VILLAGE OF PEWAUKEE - A couple residents on Prospect Avenue want to make the streets around the school campus safer.
Dena Laufenberg and her neighbor Erik Spooner have started a petition seeking the installation of speed-limit signs with radar indicating a driver's current speed. Their efforts kicked off after two incidents with a school bus in the same week. One of those incidents, Laufenberg said, involved a driver who purposefully ran through a stop sign while flipping off the bus driver and the students on the bus. The other was accidental; a driver didn't notice the lights turning on the bus as it was stopping, but was able to stop at the last second.
Laufenberg said her son has to cross the street to board the bus, and she noticed how fast cars were going by.
"Sometimes they miss that the bus is stopping, and they continue to go on," Laufenberg said. "They (the village of Pewaukee) have had radar trailers set up next to my house because next to my house is village property. I've noticed with that there, that individuals do slow down when they see that. With having the radar signs, I was hoping that it would alert drivers to their speed, and in turn, reduce their speeding."
Laufenberg said that studies have shown the radar signs result in a 10- to 20-percent reduction in average speed and compliance with the posted speed limit. Laufenberg also said that she has tried yard signs, but village ordinances prevent residents from having them up year-round.
She said that there was, at one point, a temporary radar sign at Richmond Drive and Lake Street. Laufenberg hopes more permanent signs can be put in place.
"Within our school zone, I believe that is a necessity," Laufenberg said.
So far, the petition on ipetitions.com has collected 70 signatures; the goal is 1,000. (See the petition at bit.ly/PewaukeeSpeedLimit.) Laufenberg hopes to present the idea to the board, possibly in May, and have the signs ready for the next school year.
She first presented the petition on Facebook, but had found that she wasn't reaching as many people as she would have liked. Laufenberg plans to go door-to-door with a written petition after the Pewaukee School District comes back from its spring break April 17.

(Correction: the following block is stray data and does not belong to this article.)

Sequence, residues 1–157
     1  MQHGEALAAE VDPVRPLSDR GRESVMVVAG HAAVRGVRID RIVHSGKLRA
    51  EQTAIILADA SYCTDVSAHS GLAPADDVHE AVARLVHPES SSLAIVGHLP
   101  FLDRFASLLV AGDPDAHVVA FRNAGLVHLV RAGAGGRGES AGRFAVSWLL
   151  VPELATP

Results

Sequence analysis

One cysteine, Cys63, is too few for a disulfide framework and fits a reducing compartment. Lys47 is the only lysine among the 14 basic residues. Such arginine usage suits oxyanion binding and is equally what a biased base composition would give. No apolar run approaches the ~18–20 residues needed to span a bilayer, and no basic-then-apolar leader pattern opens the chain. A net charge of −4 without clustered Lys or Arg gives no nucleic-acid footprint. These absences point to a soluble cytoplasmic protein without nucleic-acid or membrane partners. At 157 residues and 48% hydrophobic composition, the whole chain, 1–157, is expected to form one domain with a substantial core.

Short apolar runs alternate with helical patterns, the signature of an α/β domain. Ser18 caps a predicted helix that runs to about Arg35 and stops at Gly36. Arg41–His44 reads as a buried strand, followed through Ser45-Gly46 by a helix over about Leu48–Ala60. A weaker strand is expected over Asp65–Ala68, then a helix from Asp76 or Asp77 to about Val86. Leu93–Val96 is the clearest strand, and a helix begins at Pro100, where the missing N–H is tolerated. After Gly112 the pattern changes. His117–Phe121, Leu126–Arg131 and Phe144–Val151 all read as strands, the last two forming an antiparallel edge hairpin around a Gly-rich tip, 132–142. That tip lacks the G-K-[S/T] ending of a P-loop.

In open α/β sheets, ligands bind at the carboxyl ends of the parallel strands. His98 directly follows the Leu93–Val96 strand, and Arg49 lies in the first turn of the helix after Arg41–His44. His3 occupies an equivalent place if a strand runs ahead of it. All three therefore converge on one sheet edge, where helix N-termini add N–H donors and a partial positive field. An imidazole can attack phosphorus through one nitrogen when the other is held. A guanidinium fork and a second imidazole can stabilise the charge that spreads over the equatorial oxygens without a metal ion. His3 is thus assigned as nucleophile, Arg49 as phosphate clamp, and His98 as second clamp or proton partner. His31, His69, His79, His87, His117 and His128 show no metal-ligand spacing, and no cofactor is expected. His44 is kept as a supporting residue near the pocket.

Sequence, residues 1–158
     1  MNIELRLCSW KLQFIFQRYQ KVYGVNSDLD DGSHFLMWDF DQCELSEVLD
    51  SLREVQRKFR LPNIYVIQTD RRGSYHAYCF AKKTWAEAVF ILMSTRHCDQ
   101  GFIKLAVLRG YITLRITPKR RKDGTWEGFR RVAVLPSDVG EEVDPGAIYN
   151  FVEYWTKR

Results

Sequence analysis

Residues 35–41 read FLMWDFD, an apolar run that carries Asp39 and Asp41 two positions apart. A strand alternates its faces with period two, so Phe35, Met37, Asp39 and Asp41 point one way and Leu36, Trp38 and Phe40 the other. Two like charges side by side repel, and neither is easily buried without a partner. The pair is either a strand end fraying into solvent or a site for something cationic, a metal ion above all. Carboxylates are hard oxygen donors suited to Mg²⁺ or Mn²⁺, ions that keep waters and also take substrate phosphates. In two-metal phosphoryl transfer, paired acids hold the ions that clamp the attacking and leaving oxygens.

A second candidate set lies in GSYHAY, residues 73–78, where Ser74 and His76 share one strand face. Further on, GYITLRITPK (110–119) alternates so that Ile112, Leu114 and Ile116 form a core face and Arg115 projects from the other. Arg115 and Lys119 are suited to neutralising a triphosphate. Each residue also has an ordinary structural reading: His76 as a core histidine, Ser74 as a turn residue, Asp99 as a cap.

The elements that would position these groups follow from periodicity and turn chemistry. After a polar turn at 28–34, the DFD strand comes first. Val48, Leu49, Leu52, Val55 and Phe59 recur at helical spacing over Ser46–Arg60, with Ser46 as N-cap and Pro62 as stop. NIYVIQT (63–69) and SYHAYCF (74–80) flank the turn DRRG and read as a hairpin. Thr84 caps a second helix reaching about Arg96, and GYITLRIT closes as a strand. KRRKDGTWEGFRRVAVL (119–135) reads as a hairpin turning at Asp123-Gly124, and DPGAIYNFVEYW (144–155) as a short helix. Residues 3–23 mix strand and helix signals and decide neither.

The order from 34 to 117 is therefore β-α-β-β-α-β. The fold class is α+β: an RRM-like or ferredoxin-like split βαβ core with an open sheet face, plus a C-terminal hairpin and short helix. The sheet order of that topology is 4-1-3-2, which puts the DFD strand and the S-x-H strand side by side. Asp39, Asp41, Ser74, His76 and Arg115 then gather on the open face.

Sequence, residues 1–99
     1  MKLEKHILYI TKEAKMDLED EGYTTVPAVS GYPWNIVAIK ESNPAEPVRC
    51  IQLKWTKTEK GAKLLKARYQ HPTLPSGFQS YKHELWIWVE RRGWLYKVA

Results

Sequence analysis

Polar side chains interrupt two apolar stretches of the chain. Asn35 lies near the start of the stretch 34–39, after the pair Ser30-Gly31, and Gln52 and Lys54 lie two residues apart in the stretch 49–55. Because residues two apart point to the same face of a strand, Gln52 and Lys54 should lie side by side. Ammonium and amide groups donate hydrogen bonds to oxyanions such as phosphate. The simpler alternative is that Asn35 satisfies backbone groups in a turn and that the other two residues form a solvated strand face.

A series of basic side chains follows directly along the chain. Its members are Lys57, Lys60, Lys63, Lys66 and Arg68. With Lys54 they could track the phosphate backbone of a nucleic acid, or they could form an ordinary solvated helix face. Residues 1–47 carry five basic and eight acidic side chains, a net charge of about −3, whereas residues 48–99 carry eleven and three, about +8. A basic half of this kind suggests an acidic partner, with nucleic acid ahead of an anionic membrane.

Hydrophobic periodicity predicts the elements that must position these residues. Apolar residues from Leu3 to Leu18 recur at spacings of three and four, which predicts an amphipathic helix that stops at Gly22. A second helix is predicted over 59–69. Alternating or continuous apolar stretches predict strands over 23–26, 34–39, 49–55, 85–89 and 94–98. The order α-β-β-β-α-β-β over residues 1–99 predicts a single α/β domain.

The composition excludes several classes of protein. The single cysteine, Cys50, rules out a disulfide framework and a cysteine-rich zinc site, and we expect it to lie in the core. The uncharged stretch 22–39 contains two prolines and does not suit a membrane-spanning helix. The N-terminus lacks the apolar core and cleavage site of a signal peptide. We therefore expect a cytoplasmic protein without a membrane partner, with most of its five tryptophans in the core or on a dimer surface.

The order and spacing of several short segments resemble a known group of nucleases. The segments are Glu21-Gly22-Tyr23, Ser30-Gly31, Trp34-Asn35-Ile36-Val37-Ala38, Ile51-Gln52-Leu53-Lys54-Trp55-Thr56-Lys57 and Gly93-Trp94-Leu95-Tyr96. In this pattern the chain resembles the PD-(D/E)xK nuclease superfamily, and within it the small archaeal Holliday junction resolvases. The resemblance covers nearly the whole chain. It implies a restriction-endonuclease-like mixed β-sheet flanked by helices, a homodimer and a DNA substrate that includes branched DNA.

Laufenberg said that that members of the village board and village police department told her the signs could cost from $2,000 to $6,000. She said a traveling radar sign the police department uses now cost $4,000, but was paid for with a state grant.
The Pewaukee School District previously offered to pitch in on the cost of signs, but the village turned it down, according to Laufenberg. It was unclear why that request might have been denied.
"I'm hoping that the village could help us get prices on it, and that the school would pitch in again; otherwise I'm planning on starting a fund for it, because I definitely think it's important," Laufenberg said.
Other neighbors and residents are also noticing speeding issue in the school zone.
Spooner is concerned for the safety of his children and those of other families, in part due to the crash that killed Ashlyn Flegel last July.
"Vehicles are just slamming by. Our front window is 25 feet from the road, and people are going 50 miles an hour," Spooner said. "If we've lost one kid, that's one, obviously, too many. We need to put a stop to the thoroughfare of traffic that's coming through Pewaukee at a very fast clip."
Spooner said he has talked to the police department about radaring traffic, which they did twice in a day on Prospect Avenue after he called, but Spooner said he hasn't seen officers out there since then.
Spooner said he understands the department is busy, and staff is limited. However, he thinks there should be the resources to tackle the problem.
"There's plenty of tax revenue coming in that they can afford to put in speed bumps, a radar sign, or if not, an officer on patrol radaring," Spooner said.